Some Christian critics of the entertainment industry would say that Hollywood is positively godless. But you wouldn’t know it from this year’s crop of Oscars nominees.
Admittedly, not all the religion we see on screen is positive. Still, faith is a force in many a nominee. Let’s take at some applicable Best Picture hopefuls.
Belfast: The movie takes place during the Northern Irish City’s 1960s-era Troubles, which were predicated on the divisions between Catholics and Protestants. Nine-year-old Buddy and his Protestant family are caught up in the chaos, with Buddy’s parents staunchly standing against some of the more extreme voices in their church. But the spiritual themes go deeper: Buddy listens to a sermon offered by a grim pastor about the two roads open to all—one that will lead to “the horrors of hell, the other to the redemption of heaven.” Buddy anguishes over this sermon: “What road do we take?” he asks his brother. And if the pastor’s angry delivery stresses how powerful religious divisions were in Belfast, the sermon itself echoes the moral decisions that lay before many of the movie’s characters.
Don’t Look Up: A doomsday comet is hurtling toward earth, and it’s up to scientists, politicians and the media to do something about it. Too bad most don’t want to. This satire is a scathing indictment of poll-crazy pols, vapid news coverage and the cynical way some can use religion for their own sordid ends. (“May Jesus Christ bless every single one of you—especially the members of my own party,” the U.S. President tells the nation.) But Don’t Look Up also reminds us how important, and how beautiful, faith can be. In fact, the film reaches its narrative climax with a prayer to “Father God,” asking Him to give us grace, mercy and love—even when we don’t deserve it.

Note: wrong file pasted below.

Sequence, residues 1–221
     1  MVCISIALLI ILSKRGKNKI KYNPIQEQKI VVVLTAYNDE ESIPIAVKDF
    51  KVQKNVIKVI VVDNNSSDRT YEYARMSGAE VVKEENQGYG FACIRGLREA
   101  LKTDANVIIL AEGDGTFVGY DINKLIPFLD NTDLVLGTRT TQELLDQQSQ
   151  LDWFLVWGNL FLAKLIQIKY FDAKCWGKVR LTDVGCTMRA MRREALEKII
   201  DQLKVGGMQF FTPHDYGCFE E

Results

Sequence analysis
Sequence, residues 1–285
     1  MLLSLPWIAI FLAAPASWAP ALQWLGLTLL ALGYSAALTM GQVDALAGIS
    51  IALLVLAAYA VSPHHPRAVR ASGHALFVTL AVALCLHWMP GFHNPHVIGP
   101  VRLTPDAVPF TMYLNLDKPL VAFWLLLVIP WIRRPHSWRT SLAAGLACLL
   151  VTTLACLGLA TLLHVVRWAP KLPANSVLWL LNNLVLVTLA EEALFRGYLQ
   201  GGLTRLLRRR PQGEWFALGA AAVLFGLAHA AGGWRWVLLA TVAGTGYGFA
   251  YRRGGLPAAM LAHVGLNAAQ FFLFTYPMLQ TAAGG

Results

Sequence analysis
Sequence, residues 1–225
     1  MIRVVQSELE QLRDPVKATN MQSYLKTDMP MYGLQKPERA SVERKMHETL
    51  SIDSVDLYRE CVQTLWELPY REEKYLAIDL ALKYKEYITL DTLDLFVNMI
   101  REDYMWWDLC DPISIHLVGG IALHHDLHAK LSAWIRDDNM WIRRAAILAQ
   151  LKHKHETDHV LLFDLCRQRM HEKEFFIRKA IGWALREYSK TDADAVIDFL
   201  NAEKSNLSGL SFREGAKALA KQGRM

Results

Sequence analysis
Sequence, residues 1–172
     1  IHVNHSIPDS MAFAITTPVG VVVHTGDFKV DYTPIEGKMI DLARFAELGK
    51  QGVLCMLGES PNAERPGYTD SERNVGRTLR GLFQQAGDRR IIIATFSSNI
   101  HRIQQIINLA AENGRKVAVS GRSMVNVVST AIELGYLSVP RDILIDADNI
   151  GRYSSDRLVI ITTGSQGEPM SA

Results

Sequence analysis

Dune: Paul Atreides and his family travel to Arrakis—a desert planet that’s home to a substance called Spice that makes space travel possible. But the Atreides family knows that it’ll surrounded by enemies, and the time there will be dangerous. While there’s nothing overtly Christian in this sci-fi epic (based on Frank Herbert’s bestselling book), religion is of supreme importance here. Arrakis’ indigenous population indeed embraces a prophecy of the Lisan al Gaib, a savior-figure from a faraway world that may refer to Paul. The fact that the prophecy was seeded at least in part by the mysterious Bene Gesserit does not mean that it might not be true. It’s an intriguing study of how humankind may manipulate belief in the divine … but also how other forces can, perhaps, use that manipulation for its own ends, too.
King Richard: Richard Williams is raising his two daughters, Venus and Serena, to be tennis stars. But he’s also raising them to be good people, too—and part of being a good person, in Richard and wife Oracene’s eyes, is loving God. The real Williams sisters were raised as Jehovah’s Witnesses, but outside one reference to a “Kingdom Hall,” the movie’s other references to faith could be taken as broadly Christian: The family prays at the dinner table. The parents talk about the importance of faith. And the whole film seems to embrace Proverbs 22:6: “Start children off on the way they should go, and even when they are old they will not turn from it.”
The Power of the Dog: Phil Burbank is a bully, plain and simple. And when his brother brings home a new wife (Rose) and her sensitive teen son (Peter), Phil’s cruelty takes on ever new dimensions. The movie’s name—taken straight from Psalm 22—seems a cry for protection … and foreshadowing to the film’s unexpected, intricate and brutal ending. “But you, o Lord, do not be far off! O you my help, come quickly to my aid!” verses 19-20 read. “Deliver my soul from the sword, my precious life from the power of the dog!”
West Side Story: Tony and Maria live in the same neighborhood, but they belong to two different worlds. So it seems rather sweet and pretty spiritual that, when they go on their first real date, they go, essentially, to church. Tony takes Maria to The Cloisters, a New York Museum that looks very much like a sanctuary. And while they’re there, the two kneel before an altar and seem to ask for the Almighty’s blessing on their love. It’s the most explicit spiritual moment in the film, but it’s far from the only one.
And we haven’t even gotten into some of the faith-flecked nominees in other categories, from Jessica Chastain’s turn as televangelist Tammy Faye Bakker in The Eyes of Tammy Faye to Denzel Washington’s doomed and damned Macbeth in The Tragedy of Macbeth. Hollywood? Godless? Not this year.